AI cannot yet out-perform the human brain

The Big Tech super race in generative AI has just got even more interesting with Microsoft putting a new optional dialogue chat box on the Bing search engine and adding an aspect of this to the latest Microsoft Edge browser. They hope it will help greatly increase their second place 3.19%, currently dwarfed by Google’s 91.8% of market share worldwide.

Google’s immediate rebuke – a promotional video of its own AI software, Bard, became an instant embarrassment, after it gave the wrong answer to the question: “What new discoveries from the James Webb space telescope (JWST) can I tell my nine-year old about?”


Bard’s mistake

Bard’s answer was picked up by an American astrophysicist on Twitter, who corrected the software’s assertion that JWST had taken ‘the very first image of a planet outside our solar system.’ To rub salt in the wound, Bruce Macintosh, the Director of the University of California Observatories then clarified that in fact he had taken such images 14 years before JWST was launched. The result was that more than $100bn (£82bn) was wiped off the value of Google’s parent company, Alphabet as investors bailed.


Breakthrough technology

Sundar Pichai, Google’s boss, once described developments in AI as “more profound than fire or electricity.” Surely, it’s only as good as the data it learns from and in the promo video’s case, it has learned inaccurate information. AI is often viewed in terms of ‘machine intelligence’ that can perform cognitive processes such as critical thinking, prioritising and decision-making. Some say these are intellectual abilities, up till now only possible in the higher functioning cortexes of the human brain.

Already AI is actively used in medical spheres (It’s accurately sped up the interpretation of mammogram data by 30 times in the US and here in the UK an AI-led prostate cancer diagnostic tool, JivaRDX, is currently undergoing trials). On the consumer front Roomba makes use of AI in a vacuum cleaner that maps and adapts as it cleans. AI in vehicles is used to execute precise movement functions, and there are now several warehouse and factory applications that are already in use such as CANVAS Technology, owned by Amazon. But do any of these demonstrate cognition or plain ignition?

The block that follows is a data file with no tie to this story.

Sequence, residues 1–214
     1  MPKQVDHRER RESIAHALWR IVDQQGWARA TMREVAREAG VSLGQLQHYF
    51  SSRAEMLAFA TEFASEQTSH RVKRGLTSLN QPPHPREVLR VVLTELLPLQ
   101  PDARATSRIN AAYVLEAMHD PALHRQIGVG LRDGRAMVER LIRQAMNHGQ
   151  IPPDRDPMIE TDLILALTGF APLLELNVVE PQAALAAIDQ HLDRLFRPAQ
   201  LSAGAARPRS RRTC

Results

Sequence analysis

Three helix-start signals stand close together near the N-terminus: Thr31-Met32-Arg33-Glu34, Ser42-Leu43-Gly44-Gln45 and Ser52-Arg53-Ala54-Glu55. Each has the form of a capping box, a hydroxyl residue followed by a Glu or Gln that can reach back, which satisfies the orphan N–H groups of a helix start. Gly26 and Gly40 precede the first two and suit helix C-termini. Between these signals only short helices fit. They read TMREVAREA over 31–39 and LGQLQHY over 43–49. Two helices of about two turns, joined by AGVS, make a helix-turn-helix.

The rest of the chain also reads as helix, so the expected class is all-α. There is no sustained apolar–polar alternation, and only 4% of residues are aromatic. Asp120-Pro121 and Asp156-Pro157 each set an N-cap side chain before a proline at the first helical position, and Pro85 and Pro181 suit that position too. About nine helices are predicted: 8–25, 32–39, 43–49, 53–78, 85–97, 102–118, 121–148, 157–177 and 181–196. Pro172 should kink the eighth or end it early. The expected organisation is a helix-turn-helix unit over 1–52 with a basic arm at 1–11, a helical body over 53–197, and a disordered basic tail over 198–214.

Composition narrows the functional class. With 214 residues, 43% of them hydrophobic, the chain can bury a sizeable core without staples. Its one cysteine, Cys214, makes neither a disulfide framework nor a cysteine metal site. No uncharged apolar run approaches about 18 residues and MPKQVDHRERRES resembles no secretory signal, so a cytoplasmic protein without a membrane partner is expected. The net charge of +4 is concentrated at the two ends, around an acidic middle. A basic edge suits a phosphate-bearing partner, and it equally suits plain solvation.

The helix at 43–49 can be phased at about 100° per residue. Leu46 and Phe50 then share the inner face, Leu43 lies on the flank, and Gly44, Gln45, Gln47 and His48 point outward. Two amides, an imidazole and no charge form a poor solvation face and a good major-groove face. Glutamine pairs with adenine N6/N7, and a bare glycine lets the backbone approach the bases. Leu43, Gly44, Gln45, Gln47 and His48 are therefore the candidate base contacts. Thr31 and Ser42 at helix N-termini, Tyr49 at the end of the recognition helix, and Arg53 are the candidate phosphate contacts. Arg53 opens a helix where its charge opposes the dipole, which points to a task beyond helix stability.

The limits of AI

Techopedia defines AI as: ‘An umbrella term that includes any type of software or hardware component that supports machine learning, computer vision, natural language understanding, natural language generation, natural language processing and robotics.’ The emphasis on ‘natural’ is both impressive and scary, but it shouldn’t be confused with human. AI can learn logical facts from the past that have been documented. It can map common pathways and repeatedly uses algorithms to develop a sophisticated network of patterns it can convert into ‘natural-sounding’ language it can throw back at you, in this case in a chat bot.

AI cannot reason, make value judgements, anticipate, predict, collaborate, be uniquely and innovatively creative or take account of – to any human degree – a changing context within which the information it repeatedly scrapes is set. In other words, AI lacks those really vital business soft skills we humans are just so brilliant at!

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